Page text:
Given the mounting hysteria about this newly discovered phenomenon, it is not surprising that this number of allegations had arisen. When Finkelhor’s jointly written book Nursery Crimes eventually appeared in 1988, it became a Bible for believers in ritual abuse.
Dr Astrid Heger was a fourth McMartin investigator, and she popularised a diagnostic technique which became influential in other parts of the world. Her investigation of children’s genitals, and especially her belief that sexual abuse could be detected by the size and shape of young girls’ hymens, for instance, became an abuse indicator in the Christchurch child abuse investigation at the Glenelg Health Camp, while the related “anal wink” or dilation test, which was supposed to indicate molestation, triggered a major sexual abuse investigation in Cleveland, Britain, in 1987. Though evidence gradually accumulated to show that these alleged stigmata of child sexual abuse were meaningless, Heger still persisted in maintaining her original diagnoses as an expert witness at the McMartin proceedings in 1987; the judicial process finally resulted in a dismissal of the charges.
Two other American figures, both social workers, were to have a significant impact on the dissemination of the satanism scenario. First, Pamela Klein, a rape crisis worker from Illinois, drew up a set of “satanic indicators” which included such symptoms as bed wetting, nightmares, fear of monsters and ghosts, and a preoccupation with faeces, urine and flatulence. These were to feature in a number of subsequent investigations of alleged satanism in several countries. Her credentials had been questioned by an Illinois judge, who stated that she was “not a legitimate therapist” and was not licensed to practise (Pope, 1991).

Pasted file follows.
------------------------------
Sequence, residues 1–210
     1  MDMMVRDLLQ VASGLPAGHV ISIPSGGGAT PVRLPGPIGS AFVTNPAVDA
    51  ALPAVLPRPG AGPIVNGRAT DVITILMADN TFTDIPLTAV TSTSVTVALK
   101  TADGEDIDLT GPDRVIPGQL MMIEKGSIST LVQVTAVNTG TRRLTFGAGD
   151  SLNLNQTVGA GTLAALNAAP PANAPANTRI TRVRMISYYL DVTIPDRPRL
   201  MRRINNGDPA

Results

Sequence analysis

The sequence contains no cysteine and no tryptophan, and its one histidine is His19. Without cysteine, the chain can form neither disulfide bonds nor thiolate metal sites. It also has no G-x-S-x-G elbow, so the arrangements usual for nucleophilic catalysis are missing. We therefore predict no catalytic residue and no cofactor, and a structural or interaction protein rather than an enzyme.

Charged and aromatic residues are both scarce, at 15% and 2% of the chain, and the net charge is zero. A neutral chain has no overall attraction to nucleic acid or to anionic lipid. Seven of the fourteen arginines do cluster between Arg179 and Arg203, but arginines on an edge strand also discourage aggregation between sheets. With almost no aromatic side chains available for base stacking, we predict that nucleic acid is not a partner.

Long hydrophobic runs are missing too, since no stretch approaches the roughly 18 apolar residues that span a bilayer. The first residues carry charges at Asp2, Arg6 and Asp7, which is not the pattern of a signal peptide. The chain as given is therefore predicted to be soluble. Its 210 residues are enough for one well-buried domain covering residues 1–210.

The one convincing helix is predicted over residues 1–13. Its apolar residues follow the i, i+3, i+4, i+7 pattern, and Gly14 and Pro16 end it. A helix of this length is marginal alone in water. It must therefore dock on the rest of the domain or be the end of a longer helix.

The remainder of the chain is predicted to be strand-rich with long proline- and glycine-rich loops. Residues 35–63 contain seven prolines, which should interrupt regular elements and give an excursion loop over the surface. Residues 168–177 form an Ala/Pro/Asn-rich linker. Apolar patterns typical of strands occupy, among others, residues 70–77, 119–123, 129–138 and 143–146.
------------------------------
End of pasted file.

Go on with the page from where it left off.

In July 1985 she settled in Britain and was very influential in generating a network of satanic claims-makers through her contributions to conferences and seminars, including one involving senior police officers. As we will see, Klein was also influential in New Zealand.
Pamela Hudson is the other key figure. She too produced a list of satanic symptoms and forms of abuse which had wide distribution among abuse workers. Of particular importance was her list of 16 reported forms of physical and psychological abuse. These included being locked in a cage, being buried in the ground in a coffin or box, being tied upside down or hung from a pole or hook, participating in a mock marriage, seeing children or babies killed, having blood poured over them, and being taken to churches and graveyards for ritual abuse.
Hudson had a particular interest in the robes and masks which perpetrators were alleged to wear, and the cover of her book, which received wide circulation, shows just such an image which a child had supposedly drawn.
Satan migrates to the Antipodes
In August 1986, Australia was host to the largest child abuse conference in its history, the Sixth International Conference on Child Abuse and Neglect. It was held in Sydney and was attended by Summit, MacFarlane, Heger and Finkelhor, all of whom gave addresses about their work. MacFarlane was invited to conduct a further workshop after the conference for the benefit of local child abuse experts (G:29). Prominent members of Australia’s child abuse agencies participated in this conference.